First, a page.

7. Merida

The gateway to the Andes, you should visit this city because I was born there. It is a quaint city that is home to the highest point in the Andes Mountains in Venezuela: Pico Bolivar (still not the reason why you should visit). The city has perfect weather year round as it lies in a valley and is known as a university city with plenty of nightlife (nope still not the reason). The highest cable car in the world? Nope still not it. Great outdoor activities like hiking, climbing, waterfalls, and a plentiful forrest? Nope. You should visit Merida because it is awesome. That’s it.

8. Coro

Sand in the tropics? Really? YES! Many people don’t even know that the sand dunes exist in Venezuela. The dunes are just north of the small town called Coro which is an incredible place to see Spanish colonial architecture in its true form. Is there anything else to do in Coro you ask? Not so much. The sand dunes are in constant movement as they are created by the trade winds coming from West. The Mesquite plant’s root systems catch retain massive quantities of sand stopping the flow of the wind.

9. Le Jacuzzi

10. Caracas

The capital, Caracas, is a modern metropolis set in the foothills of the Ávila range. Besides a fabulously varied culinary landscape, a vibrant cultural life and throbbing nightlife scene, the city also boasts an array of world-class museums. The city is one of South America’s most dangerous, but it offers a loud and brash welcome for first-time visitors, most of whom escape to the countryside’s gentler attractions after a couple of days.

Folklore Venezolano


Venezuelan literature can be traced to pre-Hispanic times with the myths and oral literature that formed the cosmogonic view of the world that indigenous people had. Some of these stories are still known in Venezuela. Like many Latin American countries, the Spanish conquerors have had the greatest effect on both the culture and the literature. The first written documents by the Spanish colonizers are considered to be the origin of Venezuela's written literature. This has included chronicles, letters, acts, etc.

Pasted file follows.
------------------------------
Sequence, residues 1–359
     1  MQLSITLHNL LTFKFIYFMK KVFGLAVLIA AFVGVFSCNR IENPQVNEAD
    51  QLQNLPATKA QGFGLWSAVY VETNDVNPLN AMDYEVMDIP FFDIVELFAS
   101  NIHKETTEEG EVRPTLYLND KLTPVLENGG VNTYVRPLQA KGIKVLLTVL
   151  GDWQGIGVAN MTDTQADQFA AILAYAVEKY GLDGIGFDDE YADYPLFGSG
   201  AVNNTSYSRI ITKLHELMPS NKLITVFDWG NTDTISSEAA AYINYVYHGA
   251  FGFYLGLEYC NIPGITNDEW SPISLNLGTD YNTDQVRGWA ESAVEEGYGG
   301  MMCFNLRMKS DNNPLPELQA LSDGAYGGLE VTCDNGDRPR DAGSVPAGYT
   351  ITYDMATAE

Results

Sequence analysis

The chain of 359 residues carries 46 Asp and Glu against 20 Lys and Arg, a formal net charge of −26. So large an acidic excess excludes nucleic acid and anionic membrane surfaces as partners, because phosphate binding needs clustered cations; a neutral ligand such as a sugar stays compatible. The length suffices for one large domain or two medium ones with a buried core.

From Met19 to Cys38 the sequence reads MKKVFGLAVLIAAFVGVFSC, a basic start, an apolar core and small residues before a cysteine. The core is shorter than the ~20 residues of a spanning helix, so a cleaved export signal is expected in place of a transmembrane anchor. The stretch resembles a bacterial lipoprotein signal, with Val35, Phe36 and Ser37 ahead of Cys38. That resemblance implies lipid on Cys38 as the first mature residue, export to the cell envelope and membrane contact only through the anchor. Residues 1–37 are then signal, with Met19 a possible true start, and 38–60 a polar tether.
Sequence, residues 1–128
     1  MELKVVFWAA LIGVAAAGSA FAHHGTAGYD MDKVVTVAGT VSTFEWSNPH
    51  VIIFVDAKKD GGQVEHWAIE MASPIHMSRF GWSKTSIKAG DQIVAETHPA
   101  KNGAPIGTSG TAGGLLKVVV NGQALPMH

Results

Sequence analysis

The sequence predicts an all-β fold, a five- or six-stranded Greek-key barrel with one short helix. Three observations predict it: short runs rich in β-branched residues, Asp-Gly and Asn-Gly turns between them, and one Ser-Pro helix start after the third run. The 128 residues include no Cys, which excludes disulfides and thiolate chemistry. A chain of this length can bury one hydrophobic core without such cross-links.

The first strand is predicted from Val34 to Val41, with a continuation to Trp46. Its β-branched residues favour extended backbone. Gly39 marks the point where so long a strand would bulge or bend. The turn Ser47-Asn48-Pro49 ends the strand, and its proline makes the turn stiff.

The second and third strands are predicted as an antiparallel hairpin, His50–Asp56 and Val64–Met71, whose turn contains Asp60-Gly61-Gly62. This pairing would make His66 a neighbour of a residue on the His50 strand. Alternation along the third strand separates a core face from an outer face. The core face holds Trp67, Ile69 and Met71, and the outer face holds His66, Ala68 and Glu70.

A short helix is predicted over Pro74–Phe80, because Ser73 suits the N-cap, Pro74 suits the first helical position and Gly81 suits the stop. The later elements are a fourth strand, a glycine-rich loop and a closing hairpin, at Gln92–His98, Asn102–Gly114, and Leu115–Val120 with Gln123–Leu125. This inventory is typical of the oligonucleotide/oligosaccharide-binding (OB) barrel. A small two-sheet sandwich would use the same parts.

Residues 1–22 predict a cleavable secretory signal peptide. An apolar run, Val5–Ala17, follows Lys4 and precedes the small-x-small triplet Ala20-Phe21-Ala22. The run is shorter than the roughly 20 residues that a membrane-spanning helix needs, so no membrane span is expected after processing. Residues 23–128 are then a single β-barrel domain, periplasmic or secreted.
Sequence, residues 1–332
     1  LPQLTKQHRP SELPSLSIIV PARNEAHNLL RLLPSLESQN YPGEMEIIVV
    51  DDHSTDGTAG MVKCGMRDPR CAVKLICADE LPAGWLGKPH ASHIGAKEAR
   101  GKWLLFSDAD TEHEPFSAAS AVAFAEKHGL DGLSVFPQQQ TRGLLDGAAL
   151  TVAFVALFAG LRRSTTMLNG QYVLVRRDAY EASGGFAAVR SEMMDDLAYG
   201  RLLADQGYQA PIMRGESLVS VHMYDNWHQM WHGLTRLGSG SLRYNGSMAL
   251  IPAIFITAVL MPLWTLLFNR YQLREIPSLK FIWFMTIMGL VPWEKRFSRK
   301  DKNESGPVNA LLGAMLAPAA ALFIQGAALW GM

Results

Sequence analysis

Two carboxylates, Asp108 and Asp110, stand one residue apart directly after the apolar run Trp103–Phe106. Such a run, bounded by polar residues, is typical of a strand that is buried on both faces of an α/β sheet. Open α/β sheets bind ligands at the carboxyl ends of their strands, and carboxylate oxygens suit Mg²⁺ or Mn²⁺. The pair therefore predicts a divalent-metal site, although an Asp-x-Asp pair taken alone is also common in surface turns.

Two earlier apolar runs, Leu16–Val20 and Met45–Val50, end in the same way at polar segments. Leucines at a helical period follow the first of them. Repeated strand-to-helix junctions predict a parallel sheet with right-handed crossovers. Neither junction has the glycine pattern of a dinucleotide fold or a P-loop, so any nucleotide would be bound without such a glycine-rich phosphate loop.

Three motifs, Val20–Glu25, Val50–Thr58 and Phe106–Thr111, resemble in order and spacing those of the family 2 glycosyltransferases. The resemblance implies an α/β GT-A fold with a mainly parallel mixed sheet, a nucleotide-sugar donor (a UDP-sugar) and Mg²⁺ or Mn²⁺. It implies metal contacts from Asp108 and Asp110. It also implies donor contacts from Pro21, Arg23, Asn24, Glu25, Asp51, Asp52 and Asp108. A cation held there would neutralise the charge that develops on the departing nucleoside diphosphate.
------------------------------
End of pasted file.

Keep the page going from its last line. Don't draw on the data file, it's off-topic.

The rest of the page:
Venezuela's first major writer was Andrés Bello. Venezuelan literature developed in the 19th century with the formation of Venezuela as a nation state and the political conflicts of the time between conservatives and liberals. Notable works include Venezuela Heroica (1881), by Eduardo Blanco, on the Venezuelan War of Independence.

In the 20th century, with the modernization and urbanization of Venezuela thanks to the economic boom provided by the petroleum, some of its finest writers were: Teresa de la Parra, Rómulo Gallegos, Arturo Uslar Pietri, Salvador Garmendia. Gallegos' Doña Bárbara (1929) was described in 1974 as "possibly the most widely known Latin American novel".[1] The National Prize for Literature, awarded annually, was established in 1948, with Uslar Pietri the only writer to win twice in the first five decades.

Rafael Cadenas and Eugenio Montejo are among the best known poets of the 20th century and the beginning of the 21st century.

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Created with images by slash__ - "Expressive Roraima - 08" • Inti - "El Salto Angel (completamente alucinante y magico)"